COLFAX -- With nothing but a freshly mown wheat field full of fat mice before him (or is it her?), Freeway the great horned owl leapt from the healer's hand Tuesday and headed in exactly the opposite direction.
"He's actually going for the cover," said Washington State University veterinary technician Angela Teal as the bird she'd nursed for the last month swooped into a grove of trees behind Charles Hofer's home just south of Colfax.
Teal said it is difficult to tell the sex of a great horned owl without a DNA test. So she gave the predator a gender-neutral name after the spot she found it last month, injured on the side of U.S. Highway 195.
"Usually when you see something like that on the side of the road, it's not supposed to be there," Teal said as a small group gathered in front of Hofer's home for the 11 a.m. release.
It was dawn on June 24, and Teal was driving from her home in Colfax to work at WSU. The College of Veterinary Medicine there deals with more than 100 injured wild birds each year, and Teal carries heavy gloves and cardboard boxes for just such emergencies.
In the owl category alone, the college has treated a screech owl, a pygmy owl and nine barn owls so far this year.
Teal's Good Samaritan streak doesn't only apply to birds. She just trapped two orphaned coyote pups at the Pullman Cemetery. She thinks a third is still out there and plans on trapping it, too.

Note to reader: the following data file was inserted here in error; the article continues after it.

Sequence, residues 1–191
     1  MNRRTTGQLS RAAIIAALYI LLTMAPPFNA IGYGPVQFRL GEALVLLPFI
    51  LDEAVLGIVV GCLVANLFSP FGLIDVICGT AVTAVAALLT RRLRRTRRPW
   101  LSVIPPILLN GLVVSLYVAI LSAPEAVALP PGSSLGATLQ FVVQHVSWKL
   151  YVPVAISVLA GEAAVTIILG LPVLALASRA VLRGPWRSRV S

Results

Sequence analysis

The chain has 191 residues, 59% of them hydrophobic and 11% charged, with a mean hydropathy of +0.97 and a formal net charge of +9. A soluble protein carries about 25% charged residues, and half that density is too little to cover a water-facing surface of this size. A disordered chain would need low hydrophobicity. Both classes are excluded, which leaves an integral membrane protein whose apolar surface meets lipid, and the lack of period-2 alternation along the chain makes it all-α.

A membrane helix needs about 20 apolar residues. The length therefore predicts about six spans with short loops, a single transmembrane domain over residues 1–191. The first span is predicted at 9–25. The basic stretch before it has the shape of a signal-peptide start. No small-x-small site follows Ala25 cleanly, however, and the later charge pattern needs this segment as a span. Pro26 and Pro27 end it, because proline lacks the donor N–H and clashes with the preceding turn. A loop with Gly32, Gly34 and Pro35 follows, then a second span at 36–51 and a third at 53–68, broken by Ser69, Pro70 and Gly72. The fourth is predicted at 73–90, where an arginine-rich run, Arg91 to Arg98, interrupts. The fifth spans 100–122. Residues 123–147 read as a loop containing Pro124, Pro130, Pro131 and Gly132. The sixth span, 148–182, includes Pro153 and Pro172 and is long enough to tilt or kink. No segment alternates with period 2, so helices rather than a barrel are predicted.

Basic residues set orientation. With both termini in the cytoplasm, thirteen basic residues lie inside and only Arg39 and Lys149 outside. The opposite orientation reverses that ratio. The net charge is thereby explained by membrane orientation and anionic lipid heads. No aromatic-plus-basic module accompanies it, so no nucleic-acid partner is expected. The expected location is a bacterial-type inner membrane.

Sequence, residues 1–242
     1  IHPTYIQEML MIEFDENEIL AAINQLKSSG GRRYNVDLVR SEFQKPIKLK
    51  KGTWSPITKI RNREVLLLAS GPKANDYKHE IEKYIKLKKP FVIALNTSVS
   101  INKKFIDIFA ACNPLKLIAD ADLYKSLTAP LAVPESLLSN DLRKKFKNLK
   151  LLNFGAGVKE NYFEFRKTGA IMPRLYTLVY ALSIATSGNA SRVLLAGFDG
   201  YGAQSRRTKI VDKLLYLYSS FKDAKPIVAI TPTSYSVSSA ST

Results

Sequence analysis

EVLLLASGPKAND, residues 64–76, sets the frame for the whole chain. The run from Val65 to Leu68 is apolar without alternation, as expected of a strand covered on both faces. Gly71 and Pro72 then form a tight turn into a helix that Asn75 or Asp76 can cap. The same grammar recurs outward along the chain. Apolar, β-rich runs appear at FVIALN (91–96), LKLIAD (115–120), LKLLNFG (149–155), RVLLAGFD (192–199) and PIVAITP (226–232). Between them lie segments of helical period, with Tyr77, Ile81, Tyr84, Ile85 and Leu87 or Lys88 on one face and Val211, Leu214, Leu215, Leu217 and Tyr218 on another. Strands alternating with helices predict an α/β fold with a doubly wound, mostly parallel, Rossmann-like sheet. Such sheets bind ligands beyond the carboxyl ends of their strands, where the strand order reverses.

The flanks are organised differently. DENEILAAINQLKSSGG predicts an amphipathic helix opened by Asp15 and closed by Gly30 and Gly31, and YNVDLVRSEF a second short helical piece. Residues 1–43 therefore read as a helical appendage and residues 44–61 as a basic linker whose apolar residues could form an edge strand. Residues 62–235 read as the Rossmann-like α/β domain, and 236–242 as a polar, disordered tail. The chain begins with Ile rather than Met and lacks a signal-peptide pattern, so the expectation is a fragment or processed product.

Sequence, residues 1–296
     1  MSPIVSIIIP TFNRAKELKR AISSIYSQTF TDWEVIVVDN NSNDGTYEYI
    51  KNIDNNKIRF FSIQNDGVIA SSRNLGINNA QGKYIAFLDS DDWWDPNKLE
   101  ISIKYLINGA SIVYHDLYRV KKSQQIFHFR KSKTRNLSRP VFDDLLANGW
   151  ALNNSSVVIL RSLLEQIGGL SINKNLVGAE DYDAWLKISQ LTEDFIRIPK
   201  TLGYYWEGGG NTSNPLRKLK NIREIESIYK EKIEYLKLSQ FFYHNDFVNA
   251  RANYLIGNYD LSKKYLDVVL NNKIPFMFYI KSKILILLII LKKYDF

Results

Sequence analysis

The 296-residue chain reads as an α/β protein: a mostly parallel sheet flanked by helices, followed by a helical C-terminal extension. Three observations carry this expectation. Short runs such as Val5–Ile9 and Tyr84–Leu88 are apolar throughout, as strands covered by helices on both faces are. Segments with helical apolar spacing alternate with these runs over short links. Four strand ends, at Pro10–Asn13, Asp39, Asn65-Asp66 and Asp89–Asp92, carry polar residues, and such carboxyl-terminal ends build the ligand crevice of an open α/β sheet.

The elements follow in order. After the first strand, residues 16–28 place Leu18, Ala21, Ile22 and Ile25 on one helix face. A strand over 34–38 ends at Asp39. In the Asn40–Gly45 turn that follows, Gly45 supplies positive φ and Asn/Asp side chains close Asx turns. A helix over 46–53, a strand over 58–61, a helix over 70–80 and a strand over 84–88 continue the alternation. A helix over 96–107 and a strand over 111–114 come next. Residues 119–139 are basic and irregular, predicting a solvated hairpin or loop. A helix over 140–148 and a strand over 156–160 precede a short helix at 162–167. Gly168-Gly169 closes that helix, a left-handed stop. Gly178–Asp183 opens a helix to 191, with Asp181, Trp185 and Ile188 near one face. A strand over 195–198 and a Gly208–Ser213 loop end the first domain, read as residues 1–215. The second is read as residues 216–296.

She and the other employees and volunteers at the vet college perform such acts of kindness on a strictly volunteer basis.
Freeway had some minor head trauma. "He was staring off into space. He didn't know what was going on," Teal said. And a subsequent x-ray revealed a broken radius bone in the right wing.
The scan also showed Freeway had recently stuffed himself. That led Teal to a theorize about how Freeway got hurt.
"He was full of food when we x-rayed him, so he was pretty heavy," she said, maybe heavy enough to keep him from flying above the traffic on the busy north-south highway.
Teal estimated Freeway's age at 2 to 3 years old. He weighed less than three pounds, a smallish size typical of male great horned owls, she said.
Freeway was bandaged so his wing could heal, and was given food and a lot of rest. The rehabilitation went smoothly, save for one incident.
"One morning he was out of his cage and was sitting on the garbage can," Teal said. Owls are smarter than the average bird, she added, and Freeway had figured out that his cage door was slightly ajar.
He scared the janitor. He said 'yeah, I didn't get your garbage.'
Bird bones are much less dense than mammal bones, so they heal quickly. Freeway's bandage was off in three weeks, and he spent the last week testing his healed flapper in a flight cage.
Teal said owls are usually solitary animals. But if Freeway had a mate, a reunion is probably in store. She thought he might have a nest in one of Hofer's barns near the spot where she found him.
State regulations require that rehabilitated animals be released within five miles of where they are found.
Published: July 27, 2005 in the Lewiston Tribune
Byline: Joel Mills of the Tribune
Reproduced with permission